All eyes on Silver, as Sterling fallout continues

The Los Angeles Clippers have Monday off.
Adam Silver likely won’t get that same luxury.
Facing the first real crisis of his short tenure as NBA commissioner, Silver is under pressure to swiftly
bring some sort of resolution to the scandal surrounding Clippers owner Donald Sterling and the racially
charged comments he allegedly made in a recorded conversation, portions of which were released over the
weekend by TMZ and Deadspin.
The matter will not go away anytime soon, but the players’ association is hoping Silver rules before the
Clippers play host to Golden State in a critical Game 5 of their knotted-up Western Conference
first-round series on Tuesday night. That means plenty of eyeballs will remain on the commissioner’s
office Monday, waiting to see if any word is coming.
“This situation is a massive distraction for the league right now,” said Sacramento Mayor Kevin Johnson,
the former NBA All-Star who is serving as an adviser to the National Basketball Players Association
while the Sterling matter plays out. “It must be addressed immediately.”
Silver’s first priority is verifying Sterling’s voice is on the recording. From there, Silver’s next move
remains unclear. He works for the owners — and so far that group seems to have no sympathy for
Sterling’s latest controversy.
Among those who have spoken out publicly to condemn the alleged Sterling remarks: Washington’s Ted
Leonsis, Miami’s Micky Arison and perhaps most notably, Charlotte’s Michael Jordan, who won six NBA
titles as a player.
“I’m obviously disgusted that a fellow team owner could hold such sickening and offensive views,” Jordan
said in a statement released Sunday. “I’m confident that Adam Silver will make a full investigation and
take appropriate action quickly.”
Silver started as commissioner Feb. 1, replacing the retired David Stern. Silver met with Kevin Johnson
on Sunday and heard five things that the players’ union wants from the commissioner, that list includes:

—Sterling doesn’t attend any NBA games for the rest of the playoffs because of the “enormous
distraction.”
—A full account of past allegations of discrimination by Sterling and why the league never sanctioned
him.
—An explanation of the range of penalties the league could bring against Sterling.
—Assurance the NBA and the union will be partners in the investigation.
—A decisive ruling.
“He’s got to come down hard,” Hall of Fame player Magic Johnson, who was referenced on the audio
recording, said Sunday on ABC.
The NBA constitution is not public, though it’s understood the commissioner’s powers are broad when it
comes to dealing with matters deemed “prejudicial or detrimental to the best interests of basketball.” A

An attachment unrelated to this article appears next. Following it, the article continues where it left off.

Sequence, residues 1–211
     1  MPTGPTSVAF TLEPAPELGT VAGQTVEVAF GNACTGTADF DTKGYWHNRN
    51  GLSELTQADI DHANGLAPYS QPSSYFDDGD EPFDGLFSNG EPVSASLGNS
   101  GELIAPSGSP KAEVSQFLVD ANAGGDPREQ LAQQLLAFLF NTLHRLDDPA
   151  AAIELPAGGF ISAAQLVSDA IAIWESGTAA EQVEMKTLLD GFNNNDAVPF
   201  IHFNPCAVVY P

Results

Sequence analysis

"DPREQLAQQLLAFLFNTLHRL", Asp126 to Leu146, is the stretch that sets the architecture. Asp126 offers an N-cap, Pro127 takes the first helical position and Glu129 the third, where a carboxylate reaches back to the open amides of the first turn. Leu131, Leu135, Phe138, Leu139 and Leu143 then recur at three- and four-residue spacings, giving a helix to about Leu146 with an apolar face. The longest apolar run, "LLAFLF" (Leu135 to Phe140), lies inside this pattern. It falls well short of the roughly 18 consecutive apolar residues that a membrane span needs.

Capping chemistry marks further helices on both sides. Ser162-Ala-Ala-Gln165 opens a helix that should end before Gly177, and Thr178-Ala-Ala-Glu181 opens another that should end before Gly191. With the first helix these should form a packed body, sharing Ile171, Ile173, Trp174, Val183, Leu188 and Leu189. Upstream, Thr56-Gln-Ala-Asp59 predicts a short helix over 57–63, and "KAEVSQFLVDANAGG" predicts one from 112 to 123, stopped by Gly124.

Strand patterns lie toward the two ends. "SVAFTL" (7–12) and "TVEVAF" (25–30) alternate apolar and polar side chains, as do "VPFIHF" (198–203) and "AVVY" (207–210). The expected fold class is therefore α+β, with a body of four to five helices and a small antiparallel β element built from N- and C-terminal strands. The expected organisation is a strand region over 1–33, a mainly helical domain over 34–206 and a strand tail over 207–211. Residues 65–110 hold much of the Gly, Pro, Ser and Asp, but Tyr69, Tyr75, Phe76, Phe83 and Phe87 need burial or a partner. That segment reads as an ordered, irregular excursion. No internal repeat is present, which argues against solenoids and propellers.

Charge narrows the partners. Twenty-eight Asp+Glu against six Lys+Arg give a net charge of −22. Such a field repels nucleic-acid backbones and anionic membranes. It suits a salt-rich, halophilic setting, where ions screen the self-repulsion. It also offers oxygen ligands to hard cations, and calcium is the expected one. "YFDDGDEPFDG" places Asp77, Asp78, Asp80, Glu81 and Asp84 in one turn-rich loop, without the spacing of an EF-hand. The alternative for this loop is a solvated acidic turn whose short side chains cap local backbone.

fine, a suspension, a demand for sensitivity training, all those and more are surely at Silver’s
disposal.
Meanwhile, more audio may be coming. An employee in the office of attorney Mac E. Nehoray, who represents
the woman allegedly on the tape, said the full recording lasts about an hour. The clips released by TMZ
and Deadspin are significantly shorter than that.
The attorney’s office also insists that the recording is legitimate and that Sterling is the man on the
tape.
Also on Sunday, the NAACP announced on Twitter that “(hash)DonaldSterling will not be receiving a
lifetime achievement award from the LA Branch of the NAACP.” Sterling had been slated to receive the
honor on May 15 as part of the 100th anniversary celebration of the group’s Los Angeles chapter.
Some players feel for the magnitude of the task Silver is facing.
“What, he’s been three months on the job? And he has to deal with an issue like this,” Washington’s
Garrett Temple said of Silver. “It’s unfair to him. … It’s going to be a difficult situation for him
to take care of, and he’s probably going to act swiftly as he said. And he needs to do so. It’s a very
tough issue. A lot of different sides. But it’s more than basketball.”
Sterling agreed to not attend Sunday’s game, though his wife — who has filed suit against the woman
alleged to be on the tape — was present.
Late Sunday, Rochelle Sterling released a statement to KABC-TV in Los Angeles.
“Our family is devastated by the racist comments made by my estranged husband. My children and I do not
share these despicable views or prejudices. We will not let one man’s small mindedness poison the spirit
of the fans and accomplishments of the team in the city we love. We are doing everything in our power to
stand by and support our Clippers team.”
Sterling has been the subject of many past controversies, but this, particularly at playoff time and with
his own team a potential title contender, has perhaps generated more outcry than the others combined.
Even President Barack Obama addressed the issue Sunday at a news conference in Malaysia.
The next move will be made by Silver.
“This is a defining moment for the league,” Kevin Johnson said. “It’s a defining moment for the
commissioner.”